Fiona Clark is the founder of Inspired Mums, and is passionate about helping women find fulfilling, family friendly roles. She founded Inspired Mums career and confidence coaching in 2006 to help women fulfill their potential and find family-friendly careers. Here she wants to share her top tips on gaining confidence and busting your inner gremlin
You’re all dressed up, freshly printed CV under the arm and on your way to your first job interview in years. You want this job more than anything. On the way there, you try hard to have calm thoughts, but a loud, nasty voice keeps interfering:
“Your brain has turned to mush, your best skills are one-handed nappy changing and outwitting a toddler in I-Spy. Do you really expect anyone to take you seriously?”
“You have a gaping hole in your CV. Looking after children and gossiping at coffee mornings don’t count as work! “
Sounds familiar? Well, say hello to your inner gremlin: The voice inside your head that is constantly chatting to you. Some of us are lucky enough to have a kind, encouraging inner voice that helps us be the best we can and reach our potential.
But, if you’re a mum and you’ve stayed at home to look after your children for a while, chances are your inner voice has turned nasty.
3 signs that your inner gremlin has hijacked your thoughts
1. You compare yourself with every mum you see and imagine them all to be cleverer, wealthier, more successful, happier and thinner than you.
2. You have a dream job in mind, but it seems miles away from your daily reality and you don’t have a clue how to make it happen.
3. You can’t decide what to have for breakfast, never mind taking big decisions about your life.
If this sounds like you, your inner gremlin has taken charge and is blocking your way to success. You need to do something and do it fast.
Why? Your subconscious can’t tell the difference between fact and fiction, so if you keep telling yourself you can’t do something, it’ll become a self-fulfilling prophecy.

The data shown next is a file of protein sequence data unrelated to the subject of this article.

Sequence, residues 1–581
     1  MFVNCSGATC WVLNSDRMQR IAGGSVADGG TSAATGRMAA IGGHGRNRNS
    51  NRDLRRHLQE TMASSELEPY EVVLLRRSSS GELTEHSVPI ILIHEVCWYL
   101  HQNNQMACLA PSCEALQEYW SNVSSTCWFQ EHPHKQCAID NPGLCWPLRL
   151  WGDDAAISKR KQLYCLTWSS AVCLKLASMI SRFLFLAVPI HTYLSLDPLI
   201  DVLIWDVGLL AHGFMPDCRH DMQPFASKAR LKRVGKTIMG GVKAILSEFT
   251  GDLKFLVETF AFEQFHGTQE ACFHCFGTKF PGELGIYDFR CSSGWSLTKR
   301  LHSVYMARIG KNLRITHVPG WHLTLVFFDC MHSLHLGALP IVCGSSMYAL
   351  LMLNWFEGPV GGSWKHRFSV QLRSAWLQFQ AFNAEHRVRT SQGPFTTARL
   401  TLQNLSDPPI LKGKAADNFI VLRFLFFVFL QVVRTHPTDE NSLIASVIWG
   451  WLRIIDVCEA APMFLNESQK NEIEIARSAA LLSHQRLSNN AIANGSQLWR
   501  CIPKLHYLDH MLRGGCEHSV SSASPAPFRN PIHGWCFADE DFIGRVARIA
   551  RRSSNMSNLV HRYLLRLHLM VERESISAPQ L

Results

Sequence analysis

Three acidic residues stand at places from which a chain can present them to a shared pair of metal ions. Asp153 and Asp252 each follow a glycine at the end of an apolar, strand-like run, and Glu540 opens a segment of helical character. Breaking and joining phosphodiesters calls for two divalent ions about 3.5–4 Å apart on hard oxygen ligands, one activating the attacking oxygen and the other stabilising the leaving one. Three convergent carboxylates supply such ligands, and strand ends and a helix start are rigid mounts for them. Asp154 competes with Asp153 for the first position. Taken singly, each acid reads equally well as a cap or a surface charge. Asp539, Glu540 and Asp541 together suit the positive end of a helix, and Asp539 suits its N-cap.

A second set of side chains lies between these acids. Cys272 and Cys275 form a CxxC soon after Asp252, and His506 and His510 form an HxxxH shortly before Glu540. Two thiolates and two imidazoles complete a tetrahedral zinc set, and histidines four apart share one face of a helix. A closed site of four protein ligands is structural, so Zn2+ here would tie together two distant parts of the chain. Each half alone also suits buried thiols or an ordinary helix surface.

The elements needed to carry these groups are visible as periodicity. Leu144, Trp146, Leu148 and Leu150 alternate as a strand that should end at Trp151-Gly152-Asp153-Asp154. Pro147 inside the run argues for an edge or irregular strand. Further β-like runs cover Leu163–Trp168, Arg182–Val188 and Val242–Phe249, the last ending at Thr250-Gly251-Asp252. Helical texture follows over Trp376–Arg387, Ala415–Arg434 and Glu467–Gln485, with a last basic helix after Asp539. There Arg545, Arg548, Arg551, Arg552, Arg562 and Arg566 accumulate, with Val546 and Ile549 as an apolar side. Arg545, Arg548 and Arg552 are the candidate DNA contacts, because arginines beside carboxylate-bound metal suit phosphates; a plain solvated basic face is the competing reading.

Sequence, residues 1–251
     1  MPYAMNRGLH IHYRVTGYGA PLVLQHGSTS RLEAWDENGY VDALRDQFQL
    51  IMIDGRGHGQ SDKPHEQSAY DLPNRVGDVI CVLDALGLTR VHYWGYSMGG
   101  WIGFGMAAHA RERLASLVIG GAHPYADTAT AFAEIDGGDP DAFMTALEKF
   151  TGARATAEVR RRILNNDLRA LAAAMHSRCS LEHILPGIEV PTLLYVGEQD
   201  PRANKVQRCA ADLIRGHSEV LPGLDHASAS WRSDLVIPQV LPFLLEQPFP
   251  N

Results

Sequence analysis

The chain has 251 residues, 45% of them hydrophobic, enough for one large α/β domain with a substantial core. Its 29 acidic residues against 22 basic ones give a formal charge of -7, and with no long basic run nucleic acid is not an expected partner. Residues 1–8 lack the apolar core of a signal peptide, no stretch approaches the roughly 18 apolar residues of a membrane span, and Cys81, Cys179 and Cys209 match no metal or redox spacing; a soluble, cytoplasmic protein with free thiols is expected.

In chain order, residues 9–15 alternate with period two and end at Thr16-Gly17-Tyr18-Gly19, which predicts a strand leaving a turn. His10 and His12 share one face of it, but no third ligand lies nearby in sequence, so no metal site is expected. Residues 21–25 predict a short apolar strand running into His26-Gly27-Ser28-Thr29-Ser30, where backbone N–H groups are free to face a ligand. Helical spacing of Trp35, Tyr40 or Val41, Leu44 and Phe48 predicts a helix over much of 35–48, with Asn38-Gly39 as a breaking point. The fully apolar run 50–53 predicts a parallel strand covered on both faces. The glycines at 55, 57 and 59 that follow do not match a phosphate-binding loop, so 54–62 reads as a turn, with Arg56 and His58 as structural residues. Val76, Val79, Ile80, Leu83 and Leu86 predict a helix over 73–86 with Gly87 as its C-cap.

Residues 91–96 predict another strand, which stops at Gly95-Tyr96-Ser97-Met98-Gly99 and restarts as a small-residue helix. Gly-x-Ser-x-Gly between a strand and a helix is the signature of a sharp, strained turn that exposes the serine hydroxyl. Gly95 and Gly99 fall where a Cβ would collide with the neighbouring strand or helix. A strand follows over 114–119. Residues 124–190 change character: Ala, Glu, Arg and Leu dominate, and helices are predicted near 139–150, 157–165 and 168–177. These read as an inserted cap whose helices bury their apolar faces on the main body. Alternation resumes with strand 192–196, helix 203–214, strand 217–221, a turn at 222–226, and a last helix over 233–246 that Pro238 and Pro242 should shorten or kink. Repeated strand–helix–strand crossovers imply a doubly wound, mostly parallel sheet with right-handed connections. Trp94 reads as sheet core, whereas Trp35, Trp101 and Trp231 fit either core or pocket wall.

Say you go into an interview telling yourself how rubbish you are, you’ll be so nervous you’ll struggle to get a word out, never mind sell yourself.
If you then don’t get the job, you will reinforce this belief with:
“I knew I wasn’t any good at interviews…I don’t know why I bother,” continuing a vicious cycle. You’ll have missed the chance to pick out the positives and identify the areas that need polishing.
So how do you tame that inner gremlin? Here are my 5 top tips
- Tune into your inner gremlin and write down what it’s telling you – both positive and negative. You’ll soon realise whether you’re being kind or too harsh to yourself.
- Interrupt yourself every time you hear a negative statement in your head. Do something physical such as shaking your hands or touching your head to block the thought.
- Flip it – replace any negative statement with a positive thought. Turn “I haven’t got the experience for the job” into “I have many relevant skills that will make me successful in that job.”
- Don’t just say it – believe your positive statement. Draw up a list of all the reasons why it’s true. For example, “I have developed budgeting and negotiating skills during my years as a stay-at-home mum.”
- Repeat the new belief statement over and over to yourself, the dog, anyone who will listen. Retrain your brain to believe it. Treat it like a doctor’s prescription: repeat 3 times a day for at least 28 days. This is how long it takes to change negative thought patterns.
Try my techniques to keep your inner gremlin on a tight leash. You’ll be surprised how much further you can go when your inner voice is on your side – Pablo Picasso once said: “I’m always doing things I can’t do, that’s how I get to do them.” His inner gremlin was well trained!
Let me know what your inner gremlin is telling you and which techniques have worked for you in the comments box below.
Fiona says, ‘I spent 10 years climbing the corporate ladder working in various commercial roles appearing to have a successful career but deep down I knew I wasn’t on the right path. I decided to take control and had some career coaching to work out exactly what I wanted to do. The coaching opened my eyes to the opportunities available to me that were fulfilling and offered the flexibility I wanted as a mum.